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Breaking the Limit of When Water Freezes

Researchers at the University of Houston have demonstrated droplet size dependence in water to ice phase transitions on the surfaces of anodized aluminum oxide (AAO) nanomembranes. This research was published in the journal Nature Communications.

nanodroplets

Study: Freezing of Few Nanometers Water Droplets. Image Credit: Mario7/Shutterstsock.com

At sub 10 nm scales, transformation temperature shows a strong dependence on water droplet size. At 2 nanometers, this temperature drops below the homogenous bulk nucleation limit.

In most natural and industrial environments, water to ice phase transitions occur on heterogeneous surfaces, that is, when water droplets are in contact with another medium. 

Understanding this phenomenon will lead to exciting advances in biomimicking technology with critical applications in anti-icing systems for aviation, infrastructures and even cryopreservation systems.

A Quick Primer on Nucleation

Nucleation is the first step in the process of forming a new thermodynamic phase or a new structure via self-organization. It is typically characterized by the length of time needed for the new phase or structure to appear.

The primary nucleation time defines the length of time it takes for the first crystal nuclei to form. While secondary nucleation depends on the pre-existence of crystals to form, primary nucleation does not. Both primary and secondary nucleation are needed in crystal formation, but their mechanisms are different.

The process of nucleation has been found to be dependent on impurities within the system. Thus, we can distinguish between two types of nucleation: Homogeneous nucleation occurs away from a surface, whereas heterogeneous nucleus occurs on a surface.

In thermodynamically closed systems, the Gibbs free energy describes the maximum amount of non-expansion work that can be extracted from the system. Away from a surface, there is less free energy to form crystals, and therefore homogeneous nucleation is slower (and less common) than heterogeneous nucleation.

Lowering the Freezing Limit on Heterogeneous Nanosurfaces

Breaking the Limit of When Water Freezes

The length dependence of water–ice transformation in a heterogeneous mode. For 2 nm water droplets, heterogeneous nucleation could break the limit of bulk homogeneous nucleation. b Schematic of a nanodroplet formed in confined geometry and surrounded by an oil environment where ice nucleation occurs at the soft oil-water interface. The ice nucleation changes the local curvature of the oil-water interface. Image Credit: Hakimian, A., et al.

The researchers at the University of Houston have studied the formation of ice crystals in confined geometries down to 2 nm.

Water nanodroplets were formed inside pores of anodized aluminum oxide (AAO) membranes. The membranes had a diameter of 1 cm and a thicknesses ranging between 50 and 60 μm. The membrane thicknesses determined the length (size) of the pores while pore diameters ranged from 2 to 150 nm.

Except for 2 and 5 nm thick membranes, the pores were uniformly (isotropically) distributed along the thickness of the membrane: the 2 and 5 nm thick membranes comprised two layers with different pore dimensions.

Water nanodroplets were immersed in an octane oil environment so they could form a water-oil interface. Thus, ice nucleation could be initiated at this interface. Since the solid-liquid phase-change temperature of octane (at −57 °C) is well below the temperatures considered in the study, it would not influence the results observed.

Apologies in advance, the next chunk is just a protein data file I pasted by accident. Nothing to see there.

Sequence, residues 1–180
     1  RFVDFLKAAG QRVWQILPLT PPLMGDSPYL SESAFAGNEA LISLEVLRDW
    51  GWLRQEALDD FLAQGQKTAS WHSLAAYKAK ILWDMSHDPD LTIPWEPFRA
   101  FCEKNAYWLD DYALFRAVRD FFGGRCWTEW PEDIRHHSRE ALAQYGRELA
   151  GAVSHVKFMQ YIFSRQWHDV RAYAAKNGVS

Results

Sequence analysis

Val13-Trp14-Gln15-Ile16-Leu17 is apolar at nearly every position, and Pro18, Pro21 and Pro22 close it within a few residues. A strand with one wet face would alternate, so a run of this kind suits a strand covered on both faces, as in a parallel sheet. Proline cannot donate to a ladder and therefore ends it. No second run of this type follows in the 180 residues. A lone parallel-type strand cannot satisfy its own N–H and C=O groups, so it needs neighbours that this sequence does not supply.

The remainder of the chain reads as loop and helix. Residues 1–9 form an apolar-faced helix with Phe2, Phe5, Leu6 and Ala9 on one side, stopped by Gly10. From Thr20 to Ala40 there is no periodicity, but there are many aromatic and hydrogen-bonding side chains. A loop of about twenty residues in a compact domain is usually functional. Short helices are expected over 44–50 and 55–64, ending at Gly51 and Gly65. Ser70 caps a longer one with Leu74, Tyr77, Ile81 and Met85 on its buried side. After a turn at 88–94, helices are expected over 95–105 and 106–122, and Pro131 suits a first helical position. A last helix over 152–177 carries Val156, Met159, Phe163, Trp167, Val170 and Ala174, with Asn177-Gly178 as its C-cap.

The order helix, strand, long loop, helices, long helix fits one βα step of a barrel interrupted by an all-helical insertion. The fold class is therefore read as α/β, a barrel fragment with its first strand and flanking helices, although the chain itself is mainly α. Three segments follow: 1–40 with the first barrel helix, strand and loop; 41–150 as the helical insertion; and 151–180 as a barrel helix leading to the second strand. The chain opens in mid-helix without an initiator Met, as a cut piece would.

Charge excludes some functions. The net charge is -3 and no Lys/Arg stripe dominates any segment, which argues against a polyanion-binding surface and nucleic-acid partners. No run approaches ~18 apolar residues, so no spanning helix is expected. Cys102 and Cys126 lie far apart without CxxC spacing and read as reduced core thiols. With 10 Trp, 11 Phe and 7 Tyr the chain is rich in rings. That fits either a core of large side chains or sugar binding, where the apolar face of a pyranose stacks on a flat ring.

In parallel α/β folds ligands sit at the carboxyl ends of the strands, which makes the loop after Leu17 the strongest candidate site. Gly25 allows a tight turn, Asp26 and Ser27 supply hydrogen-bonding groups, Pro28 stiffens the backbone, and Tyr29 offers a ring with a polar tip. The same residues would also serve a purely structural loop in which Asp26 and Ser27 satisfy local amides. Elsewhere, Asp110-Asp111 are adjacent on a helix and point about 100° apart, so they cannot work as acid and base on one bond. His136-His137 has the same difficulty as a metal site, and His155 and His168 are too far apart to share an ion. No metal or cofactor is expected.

As the electrical conductance of water and ice differ by three orders of magnitude, the team could detect water-ice phase transitions using a four-probe method. They also used Fourier-transform infrared spectroscopy (FTIR) spectroscopy to independently verify their results.

Using representative membranes with 150 nm pores, the team gradually decreased the temperature at a rate of 0.3 °C per minute and measured the current-voltage curves at each temperature.

As the temperature decreased, resistances across the pores increased linearly, showing the effect of temperature changes on the electrical resistivity. However, between −9  °C and −11 °C, a high, nonlinear shift in electrical resistance occurred. This jump indicated the water-ice phase transformation inside the pores.

The electrical conductance method was also used on membranes with pore sizes of 10, 20, 40 and 80 nm. Nonlinear shifts in electrical resistance were also detected but at different temperatures, showing the dependence of transformation temperatures on droplet size.

The team also observed that water-ice phase transformation at pore dimensions of 2 nm occurs at temperatures lower (−41 °C) than for homogeneous bulk nucleation (about −38 °C). Critically, they have shown that, at a few nanometer scales, the softly curved interface of oil-water plays a critical role in suppressing ice nucleation.

This opens up new opportunities for the study of ice formation on heterogeneous surfaces in industrial, medical and other environments.

Reference

Hakimian, A., et al., (2021) Freezing of few nanometers water droplets. Nature, [online] 12, 6973. Available at: https://www.nature.com/articles/s41467-021-27346-w

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William Alldred

Written by

William Alldred

William Alldred is a freelance B2B writer with a bachelor’s degree in Physics from Imperial College, London. William is a firm believer in the power of science and technology to transform society. He’s committed to distilling complex ideas into compelling narratives. Williams’s interests include Particle & Quantum Physics, Quantum Computing, Blockchain Computing, Digital Transformation and Fintech.

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